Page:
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When a wavefield reaches the exit surface, it breaks up into its two constituent waves. Their wavevectors are obtained by applying again the condition of the continuity of their tangential components along the crystal surface. The extremities, [M_{j}] and [N_{j}], of these wavevectors[{\bf OM}_{j} = {\bf K}_{{\bf o}j}^{(d)}\qquad {\bf HN}_{j} = {\bf K}_{{\bf h}j}^{(d)}]lie at the intersections of the spheres of radius k centred at O and H, respectively, with the normal n′ to the crystal exit surface drawn from [P_{j}] (j = 1 and 2) (Fig. 5.1.6.3[link]).

[Figure 5.1.6.3]

Figure 5.1.6.3 | top | pdf |

Boundary condition for the wavevectors at the exit surface. (a) Reciprocal space. The wavevectors of the emerging waves are determined by the intersections [M_{1}], [M_{2}], [N_{1}] and [N_{2}] of the normals n′ to the exit surface, drawn from the tie points [P_{1}] and [P_{2}] of the wavefields, with the tangents [T'_{o}] and [T'_{h}] to the spheres centred at O and H and of radius k, respectively. (b) Direct space.

If the crystal is wedge-shaped and the normals n and n′ to the entrance and exit surfaces are not parallel, the wavevectors of the waves generated by the two wavefields are not parallel. This effect is due to the refraction properties associated with the dispersion surface.

5.1.6.3.2. Amplitudes – Pendellösung

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We shall assume from now on that the crystal is plane parallel. Two wavefields arrive at any point of the exit surface. Their constituent waves interfere and generate emerging waves in the refracted and reflected directions (Fig. 5.1.6.4[link]). Their respective amplitudes are given by the boundary conditions[\eqalign{D_{o}^{(d)} \exp (-2\pi i {\bf K}_{{\bf o}}^{(d)} \cdot {\bf r}) &= D_{o1} \exp (-2\pi i {\bf K}_{{{\bf o}1}} \cdot {\bf r})\cr &\quad + D_{o2} \exp (-2\pi i {\bf K}_{{{\bf o}2}} \cdot {\bf r})\cr D_{h}^{(d)} \exp (-2\pi i {\bf K}_{{\bf h}}^{(d)} \cdot {\bf r}) &= D_{h1} \exp (-2\pi i {\bf K}_{{{\bf h}1}} \cdot {\bf r})\cr &\quad + D_{h2} \exp (-2\pi i {\bf K}_{{{\bf h}2}} \cdot {\bf r}),} \eqno(5.1.6.4)]where r is the position vector of a point on the exit surface, the origin of phases being taken at the entrance surface.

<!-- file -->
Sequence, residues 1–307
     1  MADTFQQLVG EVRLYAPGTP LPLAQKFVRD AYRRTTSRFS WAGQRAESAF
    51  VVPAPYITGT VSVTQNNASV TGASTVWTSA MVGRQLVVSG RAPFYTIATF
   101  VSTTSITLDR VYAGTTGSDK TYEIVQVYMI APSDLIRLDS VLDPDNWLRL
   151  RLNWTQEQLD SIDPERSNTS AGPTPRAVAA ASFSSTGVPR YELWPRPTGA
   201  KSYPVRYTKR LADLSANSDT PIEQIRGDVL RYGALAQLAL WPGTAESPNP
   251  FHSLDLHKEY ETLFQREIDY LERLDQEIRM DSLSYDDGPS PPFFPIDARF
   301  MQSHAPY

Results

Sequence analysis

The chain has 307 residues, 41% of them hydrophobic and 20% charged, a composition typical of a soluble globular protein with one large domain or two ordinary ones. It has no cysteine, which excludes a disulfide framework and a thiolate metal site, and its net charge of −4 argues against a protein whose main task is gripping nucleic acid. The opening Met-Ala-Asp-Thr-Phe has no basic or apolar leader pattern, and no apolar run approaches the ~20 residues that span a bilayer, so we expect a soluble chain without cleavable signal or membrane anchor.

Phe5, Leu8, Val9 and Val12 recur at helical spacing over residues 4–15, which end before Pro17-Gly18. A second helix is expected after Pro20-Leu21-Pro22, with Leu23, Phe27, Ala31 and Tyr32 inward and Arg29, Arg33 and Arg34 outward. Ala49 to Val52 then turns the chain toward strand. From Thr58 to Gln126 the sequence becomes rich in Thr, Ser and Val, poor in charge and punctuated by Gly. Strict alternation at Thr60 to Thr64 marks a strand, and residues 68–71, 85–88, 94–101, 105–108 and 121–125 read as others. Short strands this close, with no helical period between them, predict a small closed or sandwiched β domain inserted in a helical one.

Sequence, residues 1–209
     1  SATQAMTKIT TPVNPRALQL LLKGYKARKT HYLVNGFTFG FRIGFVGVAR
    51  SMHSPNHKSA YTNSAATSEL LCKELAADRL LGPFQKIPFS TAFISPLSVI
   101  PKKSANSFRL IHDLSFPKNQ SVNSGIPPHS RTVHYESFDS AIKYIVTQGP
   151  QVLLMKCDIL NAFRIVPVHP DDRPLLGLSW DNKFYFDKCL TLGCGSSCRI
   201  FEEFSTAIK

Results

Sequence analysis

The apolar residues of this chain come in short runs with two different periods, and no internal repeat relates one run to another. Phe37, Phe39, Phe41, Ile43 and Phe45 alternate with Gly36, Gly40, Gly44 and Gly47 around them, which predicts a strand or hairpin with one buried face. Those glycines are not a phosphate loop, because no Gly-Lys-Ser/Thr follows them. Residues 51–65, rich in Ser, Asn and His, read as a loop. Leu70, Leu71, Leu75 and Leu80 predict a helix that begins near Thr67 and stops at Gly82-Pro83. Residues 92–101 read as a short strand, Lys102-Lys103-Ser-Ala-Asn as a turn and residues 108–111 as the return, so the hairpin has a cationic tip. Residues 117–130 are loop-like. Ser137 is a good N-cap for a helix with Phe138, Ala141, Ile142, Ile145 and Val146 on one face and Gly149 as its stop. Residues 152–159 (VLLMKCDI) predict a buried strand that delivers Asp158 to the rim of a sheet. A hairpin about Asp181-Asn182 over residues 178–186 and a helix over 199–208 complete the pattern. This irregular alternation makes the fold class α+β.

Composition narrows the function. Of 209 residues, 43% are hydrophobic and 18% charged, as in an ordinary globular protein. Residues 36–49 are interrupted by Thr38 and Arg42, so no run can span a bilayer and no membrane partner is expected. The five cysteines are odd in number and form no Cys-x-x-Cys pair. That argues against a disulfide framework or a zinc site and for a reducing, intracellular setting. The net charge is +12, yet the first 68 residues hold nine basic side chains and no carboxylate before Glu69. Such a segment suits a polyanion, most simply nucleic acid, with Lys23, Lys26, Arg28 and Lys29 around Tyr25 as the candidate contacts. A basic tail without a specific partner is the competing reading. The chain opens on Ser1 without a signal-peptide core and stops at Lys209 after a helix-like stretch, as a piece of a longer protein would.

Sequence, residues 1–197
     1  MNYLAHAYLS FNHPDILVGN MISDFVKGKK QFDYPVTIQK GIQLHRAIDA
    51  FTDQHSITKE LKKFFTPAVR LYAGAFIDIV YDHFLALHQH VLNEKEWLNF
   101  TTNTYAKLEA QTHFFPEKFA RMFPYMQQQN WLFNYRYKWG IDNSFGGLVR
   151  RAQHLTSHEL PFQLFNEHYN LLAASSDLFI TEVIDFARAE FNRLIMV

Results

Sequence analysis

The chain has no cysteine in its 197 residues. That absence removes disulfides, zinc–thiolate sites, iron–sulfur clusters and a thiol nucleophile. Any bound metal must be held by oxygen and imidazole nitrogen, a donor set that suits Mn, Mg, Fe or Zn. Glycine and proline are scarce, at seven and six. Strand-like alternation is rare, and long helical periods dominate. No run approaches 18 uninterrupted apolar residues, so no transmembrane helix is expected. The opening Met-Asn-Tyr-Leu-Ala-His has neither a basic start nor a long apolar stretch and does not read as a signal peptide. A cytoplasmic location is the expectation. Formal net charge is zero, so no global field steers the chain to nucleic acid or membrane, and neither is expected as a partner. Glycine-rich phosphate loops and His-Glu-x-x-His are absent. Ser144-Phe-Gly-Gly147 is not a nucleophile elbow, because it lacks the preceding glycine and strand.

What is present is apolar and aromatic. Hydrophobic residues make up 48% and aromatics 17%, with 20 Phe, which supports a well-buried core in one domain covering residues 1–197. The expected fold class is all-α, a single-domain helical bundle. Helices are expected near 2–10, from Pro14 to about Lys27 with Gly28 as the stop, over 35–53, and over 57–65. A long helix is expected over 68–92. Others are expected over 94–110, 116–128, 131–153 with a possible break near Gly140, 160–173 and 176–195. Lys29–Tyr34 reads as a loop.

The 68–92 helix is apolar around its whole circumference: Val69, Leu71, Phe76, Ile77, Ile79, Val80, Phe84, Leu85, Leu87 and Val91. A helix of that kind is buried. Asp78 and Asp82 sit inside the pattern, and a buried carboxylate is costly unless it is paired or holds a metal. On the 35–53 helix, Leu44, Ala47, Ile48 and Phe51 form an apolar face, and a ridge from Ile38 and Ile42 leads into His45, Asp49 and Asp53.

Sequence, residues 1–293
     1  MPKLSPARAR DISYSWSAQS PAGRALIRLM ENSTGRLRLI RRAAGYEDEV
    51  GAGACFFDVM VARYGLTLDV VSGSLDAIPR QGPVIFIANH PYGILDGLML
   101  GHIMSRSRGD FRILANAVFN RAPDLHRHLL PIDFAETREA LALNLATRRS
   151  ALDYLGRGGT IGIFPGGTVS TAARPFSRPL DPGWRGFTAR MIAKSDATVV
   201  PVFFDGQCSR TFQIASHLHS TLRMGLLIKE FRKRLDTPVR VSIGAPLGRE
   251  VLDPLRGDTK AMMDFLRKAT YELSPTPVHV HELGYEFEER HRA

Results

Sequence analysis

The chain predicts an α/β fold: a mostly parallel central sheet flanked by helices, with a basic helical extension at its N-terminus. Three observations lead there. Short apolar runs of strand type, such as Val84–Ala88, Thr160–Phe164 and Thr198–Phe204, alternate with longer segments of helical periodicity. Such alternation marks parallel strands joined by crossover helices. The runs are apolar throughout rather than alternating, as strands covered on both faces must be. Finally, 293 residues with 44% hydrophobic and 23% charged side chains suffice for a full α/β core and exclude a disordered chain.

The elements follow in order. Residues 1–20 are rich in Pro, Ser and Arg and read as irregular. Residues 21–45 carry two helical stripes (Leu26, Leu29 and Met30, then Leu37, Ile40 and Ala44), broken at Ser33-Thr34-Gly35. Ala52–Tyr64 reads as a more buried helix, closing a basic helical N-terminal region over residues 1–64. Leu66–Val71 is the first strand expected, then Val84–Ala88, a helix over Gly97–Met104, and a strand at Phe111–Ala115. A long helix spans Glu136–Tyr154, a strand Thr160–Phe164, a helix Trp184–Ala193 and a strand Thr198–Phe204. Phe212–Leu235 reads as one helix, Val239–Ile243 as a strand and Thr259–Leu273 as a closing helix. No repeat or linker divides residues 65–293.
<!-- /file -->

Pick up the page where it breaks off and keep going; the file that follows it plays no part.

[Figure 5.1.6.4]

Figure 5.1.6.4 | top | pdf |

Decomposition of a wavefield into its two components when it reaches the exit surface. [{\bf S}_{1}] and [{\bf S}_{2}] are the Poynting vectors of the two wavefields propagating in the crystal belonging to branches 1 and 2 of the dispersion surface, respectively, and interfering at the exit surface.

In a plane-parallel crystal, (5.1.6.4)[link] reduces to[\eqalign{D_{o}^{(d)} &= D_{o1} \exp \left(-2\pi i \overline{MP_{1}} \cdot t\right) + D_{o2} \exp \left(-2\pi i \overline{MP_{2}} \cdot t\right)\cr D_{h}^{(d)} &= D_{h1} \exp \left(-2\pi i \overline{MP_{1}} \cdot t\right) + D_{h2} \exp \left(-2\pi i \overline{MP_{2}} \cdot t\right),}]where t is the crystal thickness.